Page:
Becoming Ghanaian: Registration as a Citizen Part 2

After an initial application, payment to MINT, or Step 1 of the Ghanaian Citizenship process I covered in an earlier post, you get called to submit additional, but mostly overlapping documents to the Ghana Immigration Service located just behind MINT. In my case, the processing took just three weeks, but as I was called only once and not mailed, I only went back to check on my application months later, so here you need to be proactive.

The new docs are:

  • A police report which cost 120 GHS. You need a passport picture and your residence permit. The process takes a week.
  • Getting a tax clearance certificate can take long, so start in time. If you are employed, it is your employer who applies for you.
  • As the government last week rolled out the National ID card, getting the Non-Citizen ID card has been impossible, but I was allowed to submit my paperwork without the non-citizen ID card (which ironically I have never needed to use before since its inception in 2014).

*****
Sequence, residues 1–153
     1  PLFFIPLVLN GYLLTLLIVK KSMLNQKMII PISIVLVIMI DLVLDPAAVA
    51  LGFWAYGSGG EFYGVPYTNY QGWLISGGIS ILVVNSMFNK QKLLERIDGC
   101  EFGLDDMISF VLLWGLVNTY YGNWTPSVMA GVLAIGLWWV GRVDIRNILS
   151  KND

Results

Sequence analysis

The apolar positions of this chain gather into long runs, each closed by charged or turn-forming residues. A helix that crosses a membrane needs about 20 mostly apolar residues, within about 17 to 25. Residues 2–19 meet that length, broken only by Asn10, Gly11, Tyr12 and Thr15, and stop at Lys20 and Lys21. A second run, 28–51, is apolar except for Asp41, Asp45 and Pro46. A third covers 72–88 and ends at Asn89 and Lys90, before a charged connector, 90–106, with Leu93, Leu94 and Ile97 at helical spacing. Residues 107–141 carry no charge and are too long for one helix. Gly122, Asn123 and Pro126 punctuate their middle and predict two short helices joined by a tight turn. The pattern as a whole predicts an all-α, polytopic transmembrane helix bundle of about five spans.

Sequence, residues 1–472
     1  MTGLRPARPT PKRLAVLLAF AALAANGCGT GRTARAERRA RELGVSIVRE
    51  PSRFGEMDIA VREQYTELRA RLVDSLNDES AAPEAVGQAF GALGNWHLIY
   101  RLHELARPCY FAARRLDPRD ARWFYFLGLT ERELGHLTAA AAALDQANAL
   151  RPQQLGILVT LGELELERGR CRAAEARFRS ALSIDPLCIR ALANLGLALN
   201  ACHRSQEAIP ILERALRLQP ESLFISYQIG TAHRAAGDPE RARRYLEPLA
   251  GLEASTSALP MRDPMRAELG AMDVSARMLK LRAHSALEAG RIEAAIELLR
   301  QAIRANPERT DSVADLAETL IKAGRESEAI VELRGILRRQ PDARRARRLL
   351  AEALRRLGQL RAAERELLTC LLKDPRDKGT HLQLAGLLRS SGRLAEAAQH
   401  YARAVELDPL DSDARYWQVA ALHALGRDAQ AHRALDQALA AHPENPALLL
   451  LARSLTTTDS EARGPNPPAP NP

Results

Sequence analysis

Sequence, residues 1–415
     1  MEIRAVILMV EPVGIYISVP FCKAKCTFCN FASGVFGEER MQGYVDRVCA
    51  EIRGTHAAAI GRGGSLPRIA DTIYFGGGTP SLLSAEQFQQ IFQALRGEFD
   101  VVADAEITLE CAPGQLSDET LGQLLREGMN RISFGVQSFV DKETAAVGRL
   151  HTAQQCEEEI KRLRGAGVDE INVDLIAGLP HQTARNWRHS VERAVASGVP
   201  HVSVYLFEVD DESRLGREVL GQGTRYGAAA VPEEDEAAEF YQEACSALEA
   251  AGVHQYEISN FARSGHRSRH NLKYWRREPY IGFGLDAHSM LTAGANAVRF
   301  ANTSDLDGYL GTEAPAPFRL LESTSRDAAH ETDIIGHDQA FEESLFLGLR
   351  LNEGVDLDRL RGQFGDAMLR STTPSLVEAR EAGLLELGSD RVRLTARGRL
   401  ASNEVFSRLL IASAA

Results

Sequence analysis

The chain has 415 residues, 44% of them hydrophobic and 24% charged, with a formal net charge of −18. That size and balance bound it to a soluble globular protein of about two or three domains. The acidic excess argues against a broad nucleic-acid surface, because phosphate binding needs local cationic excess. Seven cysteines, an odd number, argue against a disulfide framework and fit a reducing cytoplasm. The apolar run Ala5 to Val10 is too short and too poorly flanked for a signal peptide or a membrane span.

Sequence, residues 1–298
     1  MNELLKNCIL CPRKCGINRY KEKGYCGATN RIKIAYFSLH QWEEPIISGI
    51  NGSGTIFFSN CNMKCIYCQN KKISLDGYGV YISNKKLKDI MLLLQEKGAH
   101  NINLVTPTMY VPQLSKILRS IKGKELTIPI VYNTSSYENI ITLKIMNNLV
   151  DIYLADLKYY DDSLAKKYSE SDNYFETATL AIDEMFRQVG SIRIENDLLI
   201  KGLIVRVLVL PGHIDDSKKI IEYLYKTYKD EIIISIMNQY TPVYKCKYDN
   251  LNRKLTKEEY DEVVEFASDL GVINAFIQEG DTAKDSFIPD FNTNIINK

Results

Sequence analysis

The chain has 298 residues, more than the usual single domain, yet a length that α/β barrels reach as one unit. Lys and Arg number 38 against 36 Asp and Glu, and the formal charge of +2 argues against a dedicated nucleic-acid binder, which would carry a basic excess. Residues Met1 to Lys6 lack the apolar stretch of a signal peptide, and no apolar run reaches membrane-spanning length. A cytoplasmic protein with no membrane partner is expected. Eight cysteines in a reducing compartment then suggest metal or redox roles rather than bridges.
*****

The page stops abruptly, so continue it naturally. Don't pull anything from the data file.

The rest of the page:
Next, I will be visited by an immigration officer in my house with my husband to make sure we are truly married and cohabiting.

After that we might be called for an interview to clarify if the visit was not satisfactorily.

Citizenship applications are approved in batches and I was told I just missed one, so waiting for the next.

So far the process has taken me almost a year since I started thinking about it and gathering the documents and since the beginning of June, since I originally submitted my application, that is effectively six months and about five visits to MINT/GIS.

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1 Comment

  1. Wishing you luck with becoming a Ghanaian citizen! I lived in Ghana twice, for a combined 9 years, and one of our children was born in Accra. Of all the countries I have lived in (7 or 8) Ghana is my favorite — because of the people!